3. Good information on why it’s difficult for doctors to get the education and information they need about transgender health issues.
4. A pretty fascinating article on how much the benefits of angioplasty are mitigated by the placebo effect.
5. The New York Times reports that “the era of biomedical research on chimpanzees in the United States is effectively over.” As the article makes clear, moving chimps to sanctuaries will take a long time, but there’s been a massive shift in thinking about the ethics of experimentation on these animals, and the detailed coverage alone is, I think, a step forward.
I hope you enjoy the picks this week, and I’ll be back in a couple days with an easy, Thanksgiving-friendly soup recipe for you! Happy Sunday.
This whole business of self-compassion is most definitely a practice, which (for me, anyway) means days that come easily and days that don’t. Yesterday was a difficult day. I forgot something relatively important, which I should have remembered (and had set numerous reminders to myself about), which set off a spiral of anxiety about feeling unproductive, disorganized, etc. This is a typical cycle for me: giving myself a break, often because I’ve gotten sick, and then undoing a lot of the gentleness with…
The first half of this past week flew by, a blur of class and reading and clients and work. The second half screeched to a halt with the arrival of a fall cold and a middle ear infection, which forced me to slow down and spend most of yesterday curled up on my sofa. I was supposed to travel to DC today for my cousin’s baby shower, but, with my first set of midterms coming up this week and more travel on the horizon…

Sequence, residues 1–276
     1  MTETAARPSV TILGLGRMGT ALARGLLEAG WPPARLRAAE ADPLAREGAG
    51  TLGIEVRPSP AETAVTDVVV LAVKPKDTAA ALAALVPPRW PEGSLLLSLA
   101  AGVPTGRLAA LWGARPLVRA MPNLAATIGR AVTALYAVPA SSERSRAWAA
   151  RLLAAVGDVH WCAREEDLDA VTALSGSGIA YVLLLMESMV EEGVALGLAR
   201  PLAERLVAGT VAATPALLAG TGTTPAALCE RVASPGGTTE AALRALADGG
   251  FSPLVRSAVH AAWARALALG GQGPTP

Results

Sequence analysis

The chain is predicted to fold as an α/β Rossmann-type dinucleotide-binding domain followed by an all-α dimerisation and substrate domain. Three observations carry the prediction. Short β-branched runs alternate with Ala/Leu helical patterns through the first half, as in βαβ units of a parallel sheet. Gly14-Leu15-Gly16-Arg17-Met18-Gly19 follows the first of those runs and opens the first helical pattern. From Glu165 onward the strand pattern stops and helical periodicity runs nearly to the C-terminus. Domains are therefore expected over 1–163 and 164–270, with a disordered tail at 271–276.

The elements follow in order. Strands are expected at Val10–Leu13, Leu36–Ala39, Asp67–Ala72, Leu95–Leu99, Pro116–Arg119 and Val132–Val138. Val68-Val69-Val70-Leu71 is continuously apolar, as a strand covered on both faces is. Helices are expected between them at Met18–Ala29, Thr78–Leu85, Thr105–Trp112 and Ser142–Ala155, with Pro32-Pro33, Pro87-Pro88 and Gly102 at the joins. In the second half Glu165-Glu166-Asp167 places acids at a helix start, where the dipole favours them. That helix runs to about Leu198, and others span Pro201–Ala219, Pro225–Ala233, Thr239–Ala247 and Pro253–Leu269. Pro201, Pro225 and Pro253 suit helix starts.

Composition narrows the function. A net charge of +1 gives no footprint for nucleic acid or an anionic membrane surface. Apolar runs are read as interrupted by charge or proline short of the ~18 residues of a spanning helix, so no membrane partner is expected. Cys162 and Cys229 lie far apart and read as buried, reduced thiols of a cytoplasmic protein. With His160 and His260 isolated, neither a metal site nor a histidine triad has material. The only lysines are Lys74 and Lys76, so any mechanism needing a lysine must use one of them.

The first time self-soothing was explained to me, it was by a friend who had her hands full taking care of a new baby. Self-soothing, she said, is when a baby develops the capacity to calm his or herself down. It’s seen as being key to uninterrupted nights of sleep for parents, since it allows babies to get back to rest if they should happen to wake up during the night. A little while later, when I was exploring resources on coping with…
When I was a kid, according to my mom, I used to spend hours at a time lying on the floor and staring up at the ceiling. She was the sort of parent who gave me plenty of space to do my own thing, but this habit was so pervasive that she finally asked my pediatrician about it. “She can stare at the ceilings for hours at a time,” she told him. “Should I be worried?” My doctor—an older Greek gentleman whom we…
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What a beautiful bounty of Weekend Reading–I love how you wove the Yoga Journal article and its kernels of wisdom into the frame of your own experience. I just finished the article, which is beautfiully done, and I have to say that the part I liked best and inwardly clapped my hands in delight about is the serendipity with which hungry, despondent, barefoot pilgrim of the author happens to stumble upon the monks making the sand mandala. Yes, these practices help us know impermanence is permanents and all things must pass, but what’s so at the heart of our creative universe is that we can never pin down exactly where and when we will be led into epiphany, beauty, surrender, connection or wonder that will help us through whatever we cling to. It always comes, always and I love how the article is predicated on that.
I look forward, too, to reading about chimpanzees. Loved the simple white beans/greens dish, the dosas, and want to read about the slow cooker quinoa enchiladas too. And cornucopia of good reads from a good dear person!! So happy you are feeling better these days. Much love to you, Gena!! xo
Thank you for this beautiful post, Gena. It really resonated with me.
I don’t know that you can ever really lose the fear of going back into depression after experiencing it. I just stopped taking antidepressants and this is the first time I’ve not been depressed within my memory – I’m really happy about it, but I have a kernel of fear and doubt at the back of my mind at all times. Hopefully it’ll fade with time. I’m so happy to hear that you’re doing better, Gena, and experiencing that lightness. Keep embracing it.